Last week a group of NGOs, including a representative from our Foundation, met with MEPs at the European Parliament in Brussels. The focus of the meeting was the persecuted church in the Middle East.

The desecrated and abandoned Church of the Immaculate Conception in the northern Iraqi town of Qaraqosh (photograph courtesy of FRRME trustee, Christopher Segar)

Many churches in the north of Iraq, particularly those in Mosul and the surrounding area, have been desecrated by ISIS – the walls covered in graffiti, the pews burnt, the ceilings blackened by fire. In the case of the Church of the Immaculate Conception in Qaraqosh (pictured above), the courtyard was used as a firing range. Thankfully, St George’s in Baghdad, which remains the only Anglican church in Iraq, endures, as does our health clinic in the church grounds which continues to treat people of all faiths.

Easter service at St George’s Church in Baghdad

However, despite the odd bit of good news, the future for Iraqi Christians looks very grim. In Brussels we presented MEPs with the facts: 175,000 Christians in Iraq have been utterly dependent these past 4 years on Churches and faith NGOs. While British and American governments have been very generous with taxpayers’ money, almost none of the aid given has reached the Christians. According to the 2011 census, the largest group in the UK is no longer Christian but that of “no faith”. Perhaps this is reflected in Government policy.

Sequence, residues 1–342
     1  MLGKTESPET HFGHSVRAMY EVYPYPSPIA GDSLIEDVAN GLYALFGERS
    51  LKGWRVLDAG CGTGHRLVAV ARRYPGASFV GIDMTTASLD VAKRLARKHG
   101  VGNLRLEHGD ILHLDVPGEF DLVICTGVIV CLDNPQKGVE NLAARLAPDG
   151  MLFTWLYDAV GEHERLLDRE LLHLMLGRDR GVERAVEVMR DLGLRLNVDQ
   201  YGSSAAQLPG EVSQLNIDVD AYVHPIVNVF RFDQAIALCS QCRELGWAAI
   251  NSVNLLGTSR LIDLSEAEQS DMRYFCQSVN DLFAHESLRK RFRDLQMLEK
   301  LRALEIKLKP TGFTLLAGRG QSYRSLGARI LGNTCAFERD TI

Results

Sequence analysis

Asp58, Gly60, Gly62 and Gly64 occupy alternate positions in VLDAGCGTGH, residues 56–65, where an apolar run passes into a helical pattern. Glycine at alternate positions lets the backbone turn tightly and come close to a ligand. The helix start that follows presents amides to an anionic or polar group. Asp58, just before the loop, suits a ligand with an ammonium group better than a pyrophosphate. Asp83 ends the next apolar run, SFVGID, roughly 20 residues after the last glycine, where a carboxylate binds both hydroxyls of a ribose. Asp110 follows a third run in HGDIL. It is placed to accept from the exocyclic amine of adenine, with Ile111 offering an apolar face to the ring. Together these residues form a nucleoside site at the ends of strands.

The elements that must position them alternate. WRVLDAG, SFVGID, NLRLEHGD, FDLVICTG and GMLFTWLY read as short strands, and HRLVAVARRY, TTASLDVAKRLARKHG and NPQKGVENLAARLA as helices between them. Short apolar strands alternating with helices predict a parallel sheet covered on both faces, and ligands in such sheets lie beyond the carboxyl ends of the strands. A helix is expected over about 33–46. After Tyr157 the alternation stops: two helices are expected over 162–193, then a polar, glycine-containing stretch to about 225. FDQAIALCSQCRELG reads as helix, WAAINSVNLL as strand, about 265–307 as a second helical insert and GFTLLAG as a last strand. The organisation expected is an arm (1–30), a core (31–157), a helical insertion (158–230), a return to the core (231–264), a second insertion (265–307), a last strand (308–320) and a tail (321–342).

Children in the displacement camps of Iraqi Kurdistan this week (photograph courtesy of Dr Sarah Ahmed, FRRME’s Director of Operations in the Middle East)

According to figures released under a Freedom of Information Act request, less than 1% of refugees entering Europe are Christian or Yazidi, despite both groups being designated by the international community as victims of genocide. Private donations are drying up and yet many Christians are without any other form of funding. Despite our continued lobbying efforts, there has been a wall of silence from key policy makers and the mainstream media on this important issue.

With your support we continue to feed 7,000 displaced Christians in Iraq and Jordan through our food relief programmes (see above infographic). We hope in the near future that western governments, not just Christians in the West, will consider supporting the Christians of Iraq and in other countries in the Middle East where they are being persecuted. They have suffered for far too long.

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Thank you for your support,
The FRRME Team